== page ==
Deleuze and Guattari use the term BwO (Body Without Organs) in an extended sense, to refer to the virtual dimension of reality in general (which they more often call "plane of consistency" or "plane of immanence"). In this sense, they speak of a BwO of "the earth." "The Earth," they write, "is a body without organs. This body without organs is permeated by unformed, unstable matters, by flows in all directions, by free intensities or nomadic singularities, by mad or transitory particles" (A Thousand Plateaus, p. 40). That is, we usually think of the world as composed of relatively stable entities ("bodies," beings). But these bodies are really composed of sets of flows moving at various speeds (rocks and mountains as very slow-moving flows; living things as flows of genetic material; language as flows of information, words, etc.). This fluid substratum is what Deleuze calls the BwO in a general sense.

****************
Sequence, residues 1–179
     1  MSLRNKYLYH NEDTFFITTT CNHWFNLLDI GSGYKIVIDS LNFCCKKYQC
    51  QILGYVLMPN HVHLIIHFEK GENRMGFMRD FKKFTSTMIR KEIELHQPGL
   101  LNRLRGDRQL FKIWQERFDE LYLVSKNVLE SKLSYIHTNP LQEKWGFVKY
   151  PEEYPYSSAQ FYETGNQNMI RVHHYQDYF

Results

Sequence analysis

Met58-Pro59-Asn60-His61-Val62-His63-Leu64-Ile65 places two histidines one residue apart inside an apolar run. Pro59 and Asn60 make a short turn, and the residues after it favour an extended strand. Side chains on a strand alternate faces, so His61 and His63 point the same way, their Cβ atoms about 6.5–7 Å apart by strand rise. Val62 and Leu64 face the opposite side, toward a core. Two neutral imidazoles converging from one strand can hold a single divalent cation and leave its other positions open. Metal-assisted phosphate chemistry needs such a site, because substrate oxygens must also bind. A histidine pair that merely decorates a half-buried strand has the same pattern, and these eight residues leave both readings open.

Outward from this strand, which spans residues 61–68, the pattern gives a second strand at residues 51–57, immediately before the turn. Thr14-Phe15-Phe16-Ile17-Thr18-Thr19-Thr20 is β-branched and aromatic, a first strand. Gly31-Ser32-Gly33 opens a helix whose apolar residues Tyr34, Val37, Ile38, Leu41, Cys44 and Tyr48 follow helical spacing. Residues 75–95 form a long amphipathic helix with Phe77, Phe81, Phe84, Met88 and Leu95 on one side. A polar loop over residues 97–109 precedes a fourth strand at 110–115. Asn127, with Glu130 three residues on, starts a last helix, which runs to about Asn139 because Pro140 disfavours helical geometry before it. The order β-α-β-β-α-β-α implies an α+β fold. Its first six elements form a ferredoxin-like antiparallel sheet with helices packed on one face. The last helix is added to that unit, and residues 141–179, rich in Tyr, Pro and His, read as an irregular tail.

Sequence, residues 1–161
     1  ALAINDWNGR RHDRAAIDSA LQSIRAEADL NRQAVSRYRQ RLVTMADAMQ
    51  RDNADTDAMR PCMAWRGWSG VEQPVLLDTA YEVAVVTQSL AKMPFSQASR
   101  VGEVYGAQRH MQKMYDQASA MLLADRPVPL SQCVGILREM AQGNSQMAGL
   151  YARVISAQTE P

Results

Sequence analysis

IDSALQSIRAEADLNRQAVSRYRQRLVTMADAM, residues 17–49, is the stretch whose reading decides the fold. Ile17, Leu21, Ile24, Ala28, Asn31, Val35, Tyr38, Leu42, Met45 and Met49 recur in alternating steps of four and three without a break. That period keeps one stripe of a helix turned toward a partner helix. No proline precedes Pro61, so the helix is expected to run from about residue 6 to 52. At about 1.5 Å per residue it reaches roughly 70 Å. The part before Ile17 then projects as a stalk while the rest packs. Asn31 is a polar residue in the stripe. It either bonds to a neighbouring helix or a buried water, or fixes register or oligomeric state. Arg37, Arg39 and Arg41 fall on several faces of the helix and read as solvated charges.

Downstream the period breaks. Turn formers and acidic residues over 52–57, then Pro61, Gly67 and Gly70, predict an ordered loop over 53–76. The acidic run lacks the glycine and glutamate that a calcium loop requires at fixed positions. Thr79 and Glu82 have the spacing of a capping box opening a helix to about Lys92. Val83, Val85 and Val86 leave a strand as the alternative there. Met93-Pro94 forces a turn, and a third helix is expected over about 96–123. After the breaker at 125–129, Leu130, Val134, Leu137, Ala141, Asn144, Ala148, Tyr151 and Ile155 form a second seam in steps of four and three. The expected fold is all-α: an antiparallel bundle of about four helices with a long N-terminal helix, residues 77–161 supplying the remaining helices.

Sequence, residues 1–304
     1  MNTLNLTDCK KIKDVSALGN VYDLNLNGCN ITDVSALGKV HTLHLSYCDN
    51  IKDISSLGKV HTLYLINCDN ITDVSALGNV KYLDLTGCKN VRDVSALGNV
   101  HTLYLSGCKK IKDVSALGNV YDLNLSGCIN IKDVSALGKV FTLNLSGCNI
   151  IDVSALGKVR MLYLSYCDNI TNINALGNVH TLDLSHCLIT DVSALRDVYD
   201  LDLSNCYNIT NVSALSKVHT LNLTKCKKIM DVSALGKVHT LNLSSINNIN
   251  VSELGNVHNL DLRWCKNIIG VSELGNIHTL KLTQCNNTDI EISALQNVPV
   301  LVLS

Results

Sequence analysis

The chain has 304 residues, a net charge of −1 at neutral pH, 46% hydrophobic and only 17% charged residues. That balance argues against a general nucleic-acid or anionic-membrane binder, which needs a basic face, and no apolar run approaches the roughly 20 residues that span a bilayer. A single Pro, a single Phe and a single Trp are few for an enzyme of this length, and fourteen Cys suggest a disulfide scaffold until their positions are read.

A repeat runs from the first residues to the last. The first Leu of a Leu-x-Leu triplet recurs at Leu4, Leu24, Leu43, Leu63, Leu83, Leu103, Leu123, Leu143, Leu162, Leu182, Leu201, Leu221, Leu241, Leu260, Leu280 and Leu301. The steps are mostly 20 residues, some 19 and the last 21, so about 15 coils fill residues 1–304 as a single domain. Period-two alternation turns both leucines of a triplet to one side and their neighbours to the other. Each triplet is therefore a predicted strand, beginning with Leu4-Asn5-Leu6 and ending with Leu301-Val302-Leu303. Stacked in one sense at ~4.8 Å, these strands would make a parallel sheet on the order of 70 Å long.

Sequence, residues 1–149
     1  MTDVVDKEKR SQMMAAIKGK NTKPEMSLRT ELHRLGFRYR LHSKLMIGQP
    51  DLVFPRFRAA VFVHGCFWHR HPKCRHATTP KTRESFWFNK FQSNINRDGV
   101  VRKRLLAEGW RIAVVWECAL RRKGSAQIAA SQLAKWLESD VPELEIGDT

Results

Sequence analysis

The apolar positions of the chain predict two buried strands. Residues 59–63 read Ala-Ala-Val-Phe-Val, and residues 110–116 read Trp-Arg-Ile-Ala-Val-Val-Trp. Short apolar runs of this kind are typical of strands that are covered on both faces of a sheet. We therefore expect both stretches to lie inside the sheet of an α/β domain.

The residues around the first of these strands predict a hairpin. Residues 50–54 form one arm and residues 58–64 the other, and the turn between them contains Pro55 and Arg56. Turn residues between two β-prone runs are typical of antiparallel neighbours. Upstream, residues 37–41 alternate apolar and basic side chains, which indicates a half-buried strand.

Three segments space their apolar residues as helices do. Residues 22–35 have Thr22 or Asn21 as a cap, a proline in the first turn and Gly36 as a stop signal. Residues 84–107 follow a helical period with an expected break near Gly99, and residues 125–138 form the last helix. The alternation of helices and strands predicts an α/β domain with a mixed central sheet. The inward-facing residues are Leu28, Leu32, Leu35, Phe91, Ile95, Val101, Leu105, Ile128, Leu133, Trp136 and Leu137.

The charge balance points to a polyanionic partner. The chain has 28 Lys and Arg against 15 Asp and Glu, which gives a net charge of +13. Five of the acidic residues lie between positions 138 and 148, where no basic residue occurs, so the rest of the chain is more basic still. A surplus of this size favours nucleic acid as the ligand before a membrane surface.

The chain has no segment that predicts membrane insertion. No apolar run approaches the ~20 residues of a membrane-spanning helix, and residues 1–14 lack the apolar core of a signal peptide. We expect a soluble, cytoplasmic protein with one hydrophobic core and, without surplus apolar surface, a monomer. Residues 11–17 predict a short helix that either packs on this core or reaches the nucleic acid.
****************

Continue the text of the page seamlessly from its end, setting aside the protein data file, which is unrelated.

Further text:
In A Thousand Plateaus, Deleuze and Guattari eventually differentiate between three kinds of BwO: cancerous, empty, and full. Roughly, the empty BwO is the BwO of Anti-Oedipus. This BwO is also described as "catatonic" because it is completely de-organ-ized; all flows pass through it freely, with no stopping, and no directing. Even though any form of desire can be produced on it, the empty BwO is non-productive. The full BwO is the healthy BwO; it is productive, but not petrified in its organ-ization. The cancerous BwO is caught in a pattern of endless reproduction of the self-same pattern.